# Speeding up “suggest” with python-Levenshtein¶

sphobjinv uses fuzzywuzzy for fuzzy-match searching of object names/domains/roles as part of the Inventory.suggest() functionality, also implemented as the CLI suggest subcommand.

By default, fuzzywuzzy uses difflib.SequenceMatcher from the Python standard library for its fuzzy searching. However, it also can use python-Levenshtein, a Python C extension providing similar functionality. Thus, sphobjinv has been implemented with python-Levenshtein as an optional dependency: it will be used if it is available.

## Installation¶

On Linux, simple installation via pip install python-Levenshtein should work properly in the vast majority of cases. This may work relatively smoothly for MacOS as well, but first-hand confirmation was not (yet) available as of this writing.

On Windows, again as of this writing, no binary wheel is available on PyPI. So, the easiest way to install is to download a wheel from Christoph Gohlke’s repository and run pip install C:\path\to\wheel. Just make sure to match Python version and CPU type (win32 vs win_amd64) when you download.

## Performance Benchmark¶

The chart below presents one dataset illustrating the performance enhancement that can be obtained by installing python-Levenshtein. The timings plotted here are from execution of timeit.repeat() in the Python standard library around a suggest() call, searching for the term “function”, for a number of objects.inv files from different projects (see here).

The timings were collected using the following code:

import sphobjinv as soi

durations = {}
obj_counts = {}

for fn in os.listdir():
if fn.endswith('.inv'):
inv = soi.Inventory(fn)

# Execute the 'suggest' operation 20 times for each file
timings = timeit.repeat("inv.suggest('function')", repeat=20, number=1, globals=globals())

# Store the average timing for each file
durations.update({fn: sum(timings) / len(timings)})

# Store the number of objects
obj_counts.update({fn: inv.count})


As can be seen, the fifty-two objects.inv files in this dataset contain widely varying numbers of objects $$n$$:

Unsurprisingly, larger inventories require more time to search. Also relatively unsurprisingly, the time required appears to be roughly $$O(n)$$, since the fuzzy search must be performed once on the as_rst representation of each object.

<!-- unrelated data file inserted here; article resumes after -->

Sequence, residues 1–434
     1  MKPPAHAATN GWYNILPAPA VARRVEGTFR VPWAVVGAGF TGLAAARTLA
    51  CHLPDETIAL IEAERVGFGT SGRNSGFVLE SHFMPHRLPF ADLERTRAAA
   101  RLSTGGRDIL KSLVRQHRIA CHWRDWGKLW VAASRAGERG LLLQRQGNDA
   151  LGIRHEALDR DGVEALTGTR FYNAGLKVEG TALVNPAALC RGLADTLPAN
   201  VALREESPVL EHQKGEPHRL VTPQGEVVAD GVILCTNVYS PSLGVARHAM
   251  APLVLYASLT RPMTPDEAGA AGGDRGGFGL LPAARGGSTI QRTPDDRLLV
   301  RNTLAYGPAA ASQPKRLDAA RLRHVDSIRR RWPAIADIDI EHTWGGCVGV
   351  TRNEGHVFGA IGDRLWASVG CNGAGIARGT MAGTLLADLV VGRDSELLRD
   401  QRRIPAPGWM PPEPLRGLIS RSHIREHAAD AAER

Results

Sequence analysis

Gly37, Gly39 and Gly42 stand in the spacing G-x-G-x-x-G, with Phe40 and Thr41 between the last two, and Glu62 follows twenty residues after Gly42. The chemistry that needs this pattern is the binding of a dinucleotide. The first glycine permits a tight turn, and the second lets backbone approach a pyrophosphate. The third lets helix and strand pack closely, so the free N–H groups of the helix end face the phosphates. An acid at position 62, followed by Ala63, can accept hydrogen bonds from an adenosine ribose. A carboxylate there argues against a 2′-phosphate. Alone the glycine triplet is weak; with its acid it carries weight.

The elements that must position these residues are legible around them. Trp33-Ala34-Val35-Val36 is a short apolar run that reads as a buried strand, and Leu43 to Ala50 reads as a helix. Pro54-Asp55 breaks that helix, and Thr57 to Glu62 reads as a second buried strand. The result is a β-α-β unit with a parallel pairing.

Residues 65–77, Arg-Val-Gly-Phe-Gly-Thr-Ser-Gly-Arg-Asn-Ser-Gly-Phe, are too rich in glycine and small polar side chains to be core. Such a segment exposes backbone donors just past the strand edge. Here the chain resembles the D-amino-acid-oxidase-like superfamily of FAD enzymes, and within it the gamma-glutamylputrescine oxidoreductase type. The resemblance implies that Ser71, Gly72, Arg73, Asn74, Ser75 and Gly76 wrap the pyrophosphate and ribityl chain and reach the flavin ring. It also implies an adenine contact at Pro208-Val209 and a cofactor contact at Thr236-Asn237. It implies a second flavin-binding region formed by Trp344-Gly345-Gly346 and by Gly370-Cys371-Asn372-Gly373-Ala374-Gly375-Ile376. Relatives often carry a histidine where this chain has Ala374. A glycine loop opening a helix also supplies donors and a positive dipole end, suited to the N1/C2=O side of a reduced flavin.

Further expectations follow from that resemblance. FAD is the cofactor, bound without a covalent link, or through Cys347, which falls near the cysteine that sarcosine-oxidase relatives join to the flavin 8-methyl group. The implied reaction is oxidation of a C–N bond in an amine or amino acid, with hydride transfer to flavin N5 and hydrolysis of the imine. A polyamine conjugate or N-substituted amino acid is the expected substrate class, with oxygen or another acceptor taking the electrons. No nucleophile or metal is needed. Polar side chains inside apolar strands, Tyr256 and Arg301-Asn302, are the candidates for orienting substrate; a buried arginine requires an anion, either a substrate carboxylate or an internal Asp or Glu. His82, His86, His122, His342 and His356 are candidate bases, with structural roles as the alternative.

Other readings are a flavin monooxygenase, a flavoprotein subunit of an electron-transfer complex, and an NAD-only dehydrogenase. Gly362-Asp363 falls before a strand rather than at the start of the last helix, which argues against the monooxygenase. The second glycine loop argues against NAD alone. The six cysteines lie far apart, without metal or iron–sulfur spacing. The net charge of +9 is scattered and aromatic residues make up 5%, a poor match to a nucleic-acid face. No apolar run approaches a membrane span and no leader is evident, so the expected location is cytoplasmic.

For this specific search, using python-Levenshtein instead of difflib decreases the time required from 0.90 seconds per thousand objects down to 0.15 seconds per thousand objects, representing a performance improvement of almost exactly six-fold. Other searches will likely exhibit somewhat better or worse improvement from the use of python-Levenshtein, depending on the average length of the reST-like representations of the objects in an objects.inv and the length of the search term.

## Variations in Matching Behavior¶

Note that the matching scores calculated by difflib and python-Levenshtein can often differ appreciably. (This is illustrated in issue #128 of the fuzzywuzzy GitHub repo.) This difference in behavior doesn’t have much practical significance, save for the potential of causing some confusion between users with/without python-Levenshtein installed.

As an example, the following shows an excerpt of the results of a representative CLI suggest call without python-Levenshtein:

\$ sphobjinv suggest objects_scipy.inv surface -asit 40

Name                                                   Score    Index
------------------------------------------------------  -------  -------
:py:function:scipy.misc.face                            64      1018
:py:function:scipy.misc.source                          64      1032
:std:doc:generated/scipy.misc.face                      64      4042
:std:doc:generated/scipy.misc.source                    64      4056
:py:data:scipy.stats.rice                               56      2688
:std:label:continuous-rice                              56      2896
:py:method:scipy.integrate.complex_ode.successful       51       156
:py:method:scipy.integrate.ode.successful               51       171
:py:function:scipy.linalg.lu_factor                     51       967

... more with score 51 ...

:py:attribute:scipy.LowLevelCallable.signature          50        5
:py:function:scipy.constants.convert_temperature        50       53
:py:function:scipy.integrate.quadrature                 50       176

... more with score 50 and below ...


This is a similar excerpt with python-Levenshtein:

  Name                                                   Score    Index
------------------------------------------------------  -------  -------
:py:function:scipy.misc.face                            64      1018
:py:function:scipy.misc.source                          64      1032
:std:doc:generated/scipy.misc.face                      64      4042
:std:doc:generated/scipy.misc.source                    64      4056
:py:method:scipy.integrate.ode.successful               51       171
:py:function:scipy.linalg.lu_factor                     51       967
:py:function:scipy.linalg.subspace_angles               51      1003

... more with score 51 ...

:py:function:scipy.cluster.hierarchy.fcluster           49       23
:py:function:scipy.cluster.hierarchy.fclusterdata       49       24
:py:method:scipy.integrate.complex_ode.successful       49       156

... more with score 49 and below ...